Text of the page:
Uncategorized

Glimpse of Grace…in a Ruler

When I was a kid the local Coca Cola Bottling Company gave a six pack of Coke to any student who presented a report card with 5 A’s during a grading period. Back then, at least in my household, soda was a special treat. My family simply didn’t buy soft drinks, even on birthdays! Coke also gave us a wooden ruler with Coca Cola Bottling Company stamped on the back side and the Golden Rule imprinted upon the front. “Do unto others as you would have them do unto you.” It wasn’t until years later that I appreciated the marketing genius—The Golden Rule stamped on a ruler!
      Jesus was not the first to teach this principle. It is found in most major religions of the world. The difference, though, is that Jesus, rather than formatting it in the negative, as in, “Do not do to others what you would not want them do to you,” framed it in the positive! Rather than not doing harm, Jesus told his followers not only to do no harm, but to actively do good! This is a very big difference. The former allows us to withdraw from the world while The Golden Rule pushes us into the brokenness of the world. The first allows us to believe that because we haven’t done anything “bad”, we are sin free. Before I took Jesus seriously, this was my thought.  I considered myself to be a pretty good guy. But pretty good isn’t good enough. Life isn’t graded on a curve. I was being passive and letting myself off of the hook, not an active disciple of Jesus.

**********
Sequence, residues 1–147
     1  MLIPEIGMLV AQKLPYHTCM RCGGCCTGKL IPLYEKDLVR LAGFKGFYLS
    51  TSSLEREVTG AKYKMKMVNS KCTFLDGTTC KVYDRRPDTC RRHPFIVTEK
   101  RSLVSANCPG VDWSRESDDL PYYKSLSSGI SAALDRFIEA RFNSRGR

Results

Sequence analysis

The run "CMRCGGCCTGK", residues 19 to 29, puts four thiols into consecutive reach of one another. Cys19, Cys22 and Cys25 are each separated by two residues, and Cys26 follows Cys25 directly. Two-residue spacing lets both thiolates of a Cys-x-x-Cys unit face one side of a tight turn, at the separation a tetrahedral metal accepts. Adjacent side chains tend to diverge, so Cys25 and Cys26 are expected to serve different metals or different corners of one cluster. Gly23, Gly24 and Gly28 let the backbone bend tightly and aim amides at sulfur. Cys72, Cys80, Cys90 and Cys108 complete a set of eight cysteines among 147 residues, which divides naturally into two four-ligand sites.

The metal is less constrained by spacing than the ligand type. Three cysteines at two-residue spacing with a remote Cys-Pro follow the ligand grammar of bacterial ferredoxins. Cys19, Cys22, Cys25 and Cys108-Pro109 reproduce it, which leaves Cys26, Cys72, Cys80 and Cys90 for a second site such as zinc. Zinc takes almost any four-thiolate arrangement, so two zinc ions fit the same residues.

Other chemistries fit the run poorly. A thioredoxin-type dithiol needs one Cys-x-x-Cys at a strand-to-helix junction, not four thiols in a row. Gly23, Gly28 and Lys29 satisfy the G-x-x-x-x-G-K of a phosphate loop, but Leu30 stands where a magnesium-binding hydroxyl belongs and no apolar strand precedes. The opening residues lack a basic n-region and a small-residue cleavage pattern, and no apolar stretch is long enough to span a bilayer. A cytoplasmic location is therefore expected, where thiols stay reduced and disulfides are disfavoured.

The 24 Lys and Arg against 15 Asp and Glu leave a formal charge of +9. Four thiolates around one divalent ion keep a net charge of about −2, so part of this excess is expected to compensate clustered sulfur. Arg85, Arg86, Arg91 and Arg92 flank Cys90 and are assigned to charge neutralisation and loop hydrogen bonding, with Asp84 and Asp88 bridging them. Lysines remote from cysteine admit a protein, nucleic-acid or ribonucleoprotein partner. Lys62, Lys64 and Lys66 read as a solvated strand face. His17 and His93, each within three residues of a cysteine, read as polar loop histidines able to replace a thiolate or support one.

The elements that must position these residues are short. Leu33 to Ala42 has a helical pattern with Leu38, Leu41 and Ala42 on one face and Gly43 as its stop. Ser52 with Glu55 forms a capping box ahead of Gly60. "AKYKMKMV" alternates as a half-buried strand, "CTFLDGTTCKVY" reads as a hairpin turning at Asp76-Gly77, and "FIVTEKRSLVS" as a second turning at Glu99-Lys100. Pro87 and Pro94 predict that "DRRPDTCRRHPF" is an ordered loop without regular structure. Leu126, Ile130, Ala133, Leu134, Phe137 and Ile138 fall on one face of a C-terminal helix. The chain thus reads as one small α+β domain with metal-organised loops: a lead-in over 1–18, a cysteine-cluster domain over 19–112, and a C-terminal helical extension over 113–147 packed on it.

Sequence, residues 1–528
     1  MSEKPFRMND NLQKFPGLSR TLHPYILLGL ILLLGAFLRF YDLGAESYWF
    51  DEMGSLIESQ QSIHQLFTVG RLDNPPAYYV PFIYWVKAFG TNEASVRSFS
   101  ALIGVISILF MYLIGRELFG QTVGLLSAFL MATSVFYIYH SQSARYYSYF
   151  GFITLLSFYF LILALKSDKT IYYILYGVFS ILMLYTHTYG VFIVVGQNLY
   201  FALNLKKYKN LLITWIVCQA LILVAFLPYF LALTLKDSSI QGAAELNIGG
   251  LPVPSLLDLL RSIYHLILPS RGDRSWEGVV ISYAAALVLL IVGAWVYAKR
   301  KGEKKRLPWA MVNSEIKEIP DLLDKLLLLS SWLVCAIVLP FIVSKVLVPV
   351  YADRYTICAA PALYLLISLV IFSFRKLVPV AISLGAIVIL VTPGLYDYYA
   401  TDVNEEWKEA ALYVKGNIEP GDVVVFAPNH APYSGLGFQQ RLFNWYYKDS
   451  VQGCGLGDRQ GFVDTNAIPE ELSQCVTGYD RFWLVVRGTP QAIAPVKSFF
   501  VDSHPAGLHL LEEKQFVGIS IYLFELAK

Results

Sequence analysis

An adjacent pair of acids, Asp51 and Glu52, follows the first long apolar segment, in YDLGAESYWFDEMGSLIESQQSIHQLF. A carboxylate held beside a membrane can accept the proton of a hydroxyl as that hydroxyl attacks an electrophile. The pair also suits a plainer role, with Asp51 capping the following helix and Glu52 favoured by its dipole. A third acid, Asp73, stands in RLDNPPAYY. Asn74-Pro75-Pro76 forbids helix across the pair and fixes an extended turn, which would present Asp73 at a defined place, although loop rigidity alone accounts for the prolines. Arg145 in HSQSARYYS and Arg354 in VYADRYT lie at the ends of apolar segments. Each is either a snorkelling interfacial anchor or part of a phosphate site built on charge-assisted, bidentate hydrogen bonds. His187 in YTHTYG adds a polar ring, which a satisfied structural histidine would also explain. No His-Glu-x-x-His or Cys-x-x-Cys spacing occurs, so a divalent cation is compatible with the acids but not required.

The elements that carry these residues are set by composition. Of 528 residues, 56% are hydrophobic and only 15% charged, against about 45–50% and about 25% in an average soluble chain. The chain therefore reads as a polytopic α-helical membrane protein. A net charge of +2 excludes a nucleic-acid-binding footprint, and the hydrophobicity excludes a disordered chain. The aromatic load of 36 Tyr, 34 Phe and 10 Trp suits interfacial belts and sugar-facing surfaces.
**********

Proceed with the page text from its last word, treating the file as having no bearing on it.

Active discipleship lies at the heart of Jesus’ parable of The Good Samaritan. In the parable, the priest and the Pharisee didn’t do anything wrong, per se. But they didn’t they didn’t do anything right, either. They did not help the beaten, bloodied, left for dead traveler. That was their bad.
      Disciples of Jesus must not settle for “doing no harm.” We are called to do good, even when it doesn’t directly involve us. When we do,  That’s when we become a glimpse of grace.

Standard

Leave a Reply

Fill in your details below or click an icon to log in:

WordPress.com Logo

You are commenting using your WordPress.com account. Log Out / Change )

Twitter picture

You are commenting using your Twitter account. Log Out / Change )

Facebook photo

You are commenting using your Facebook account. Log Out / Change )

Google+ photo

You are commenting using your Google+ account. Log Out / Change )

Connecting to %s